The D.C. Judicial Tenure Commission that is responsible for investigating misconduct of local judges has begun an inquiry into allegations that D.C. Court of Appeals Chief Judge Theodore R. Newman Jr. improperly intervened in the arrest of a criminal suspect at a Southwest Washington restaurant last summer.

D.C. police Sgt.Harvey Bailey has alleged in a published interview that Newman, the highest-ranking city judge in Washington, took action that bordered on "impeding justice" as police were interviewing a complaining witness after making an arrest at the Pier Seven restaurant.

Sgt. Bailey is one of several police officers and other officials who have been interviewed in recent days by the D.C. Commission on Judicial Disabilities and Tenure. The seven-member commission, whose members are appointed by the president, the mayor, the City Council, the D.C. Bar, and the chief judge of the U.S. District Court here, has the power to discipline, reprimand or remove a judge from the bench.

The tenure commission's decision to look into the Pier Seven incident is believed by some of Newman's supporters in the Washington legal community to be an attempt to embarrass the chief judge. Some of his supporters believe Newmman has been particularly vulnerable since four of his colleagues attempted last fall to dislodge him as chief judge of the nine-member court. It could not be learned whether the commission has interviewed Newman, whether the commission initiated the probe on its own, or acted after a formal complaint on the incident.

It also could not be determined last week how serious the commission considered the allegations against Newman and all commission officials contacted declined to comment, noting that all investigations are conducted confidentially.

Among others who have been interviewed by the commission, sources said, were U.S. Attorney Charles F.C. Ruff, whose office conducted its own investigation of the matter, other officials of the U.S. attorney's office, and police officer Daryl M. Williams, who also was at the scene of the alleged incident. Ruff, whose office brought no charges against Newman, has provided the commission with the results of his investigation. Ruff declined to comment yesterday.

According to Bailey's account, he and several other police officers arrived at the Pier Seven restaurant on July 6 where they arrested William Sutton, a Southeast Washington man who had previously been charged with assault. As Bailey interviewed the complaining witness in the case, John Thornton of Arlington, at the restaurant, the chief judge approached, Bailey alleged, and "went after Thornton ."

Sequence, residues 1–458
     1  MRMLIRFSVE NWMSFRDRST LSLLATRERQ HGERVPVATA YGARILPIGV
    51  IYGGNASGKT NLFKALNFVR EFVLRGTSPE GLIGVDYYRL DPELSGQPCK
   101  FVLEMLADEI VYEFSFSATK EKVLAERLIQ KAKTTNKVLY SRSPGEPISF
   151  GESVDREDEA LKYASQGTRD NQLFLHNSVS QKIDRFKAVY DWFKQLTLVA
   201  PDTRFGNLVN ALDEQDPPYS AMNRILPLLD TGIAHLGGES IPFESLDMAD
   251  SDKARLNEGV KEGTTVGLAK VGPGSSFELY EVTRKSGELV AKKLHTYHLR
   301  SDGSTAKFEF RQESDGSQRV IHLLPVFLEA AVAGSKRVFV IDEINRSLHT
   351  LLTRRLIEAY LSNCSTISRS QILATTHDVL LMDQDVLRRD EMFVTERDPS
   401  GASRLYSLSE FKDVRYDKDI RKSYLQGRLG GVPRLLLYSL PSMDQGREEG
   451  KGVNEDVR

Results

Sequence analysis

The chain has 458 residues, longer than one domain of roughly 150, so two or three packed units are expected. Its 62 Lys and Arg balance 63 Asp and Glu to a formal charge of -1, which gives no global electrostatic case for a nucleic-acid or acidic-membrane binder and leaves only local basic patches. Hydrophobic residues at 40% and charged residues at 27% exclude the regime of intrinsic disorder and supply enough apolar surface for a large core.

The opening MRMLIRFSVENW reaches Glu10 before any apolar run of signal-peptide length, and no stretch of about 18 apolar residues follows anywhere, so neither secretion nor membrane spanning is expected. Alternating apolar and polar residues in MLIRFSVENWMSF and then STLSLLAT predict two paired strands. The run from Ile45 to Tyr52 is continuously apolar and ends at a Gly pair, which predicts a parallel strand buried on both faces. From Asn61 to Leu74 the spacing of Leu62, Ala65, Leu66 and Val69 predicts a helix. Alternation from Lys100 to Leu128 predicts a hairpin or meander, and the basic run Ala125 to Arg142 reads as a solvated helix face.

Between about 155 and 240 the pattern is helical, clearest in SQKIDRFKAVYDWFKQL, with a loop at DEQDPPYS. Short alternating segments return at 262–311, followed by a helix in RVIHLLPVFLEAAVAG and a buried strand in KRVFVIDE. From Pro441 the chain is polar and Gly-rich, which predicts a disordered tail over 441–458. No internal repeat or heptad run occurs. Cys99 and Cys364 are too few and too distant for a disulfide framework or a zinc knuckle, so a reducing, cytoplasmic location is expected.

Judge Newman repeatedly used abusive language and at one point grabbed the sergeant's arm, Bailey alleged. "If you don't get back, I'll lock you up. If you don't get back, I'll arrest you," Bailey recalls saying.

Newman "categorically" denied Bailey's allegations in an internal court memorandum dated July 8, which was circulated to the other judges of the Appeals Court. "Rest assured I did nothing on the occasion of Monday evening to bring this court or my office in any manner into disrepute," the memo said. Newman also accused Bailey of a "blatant, absolute lie" in a press interview at the time. Reached this week, Newman declined to comment on the commission investigation.

In an apparently unrelated inquiry, the commission also has asked the Court of Appeals to provide it with tape recordings of several oral arguments in court cases that were heard before Newman on four different dates in June and July of this year. The reason for that request could not be determined.

In the incident at the Pier Seven restaurant at 650 Water St. SW, Bailey has alleged that Newman called the complaining witness, Thornton, "a 'mother-f-----' . . . I grabbed his Newman's wrist," Bailey recalled. "I told him to get back. I told him I was talking to this man, wanted to escort him outside. He Newman was getting more aggressive."

Bailey said he then told Newman that he would arrest him if he did not step back, and Newman retreated.

"As I was dragging [Thornton] out," Bailey recalled, "the judge was yelling at him. He appeared to be very angry at the complainant . . . He said, 'You're a common, no-good mother-f-----' . . . I do remember those words over and over and over."

Another officer at the scene, Daryl M. Williams, confirmed yesterday that he had been interviewed by the commission, and repeated again that Newman was "really being disorderly . . . I didn't find out till the next day that he was a judge."

Sutton has since pleaded guilty to a charge of simple assault, according to court records.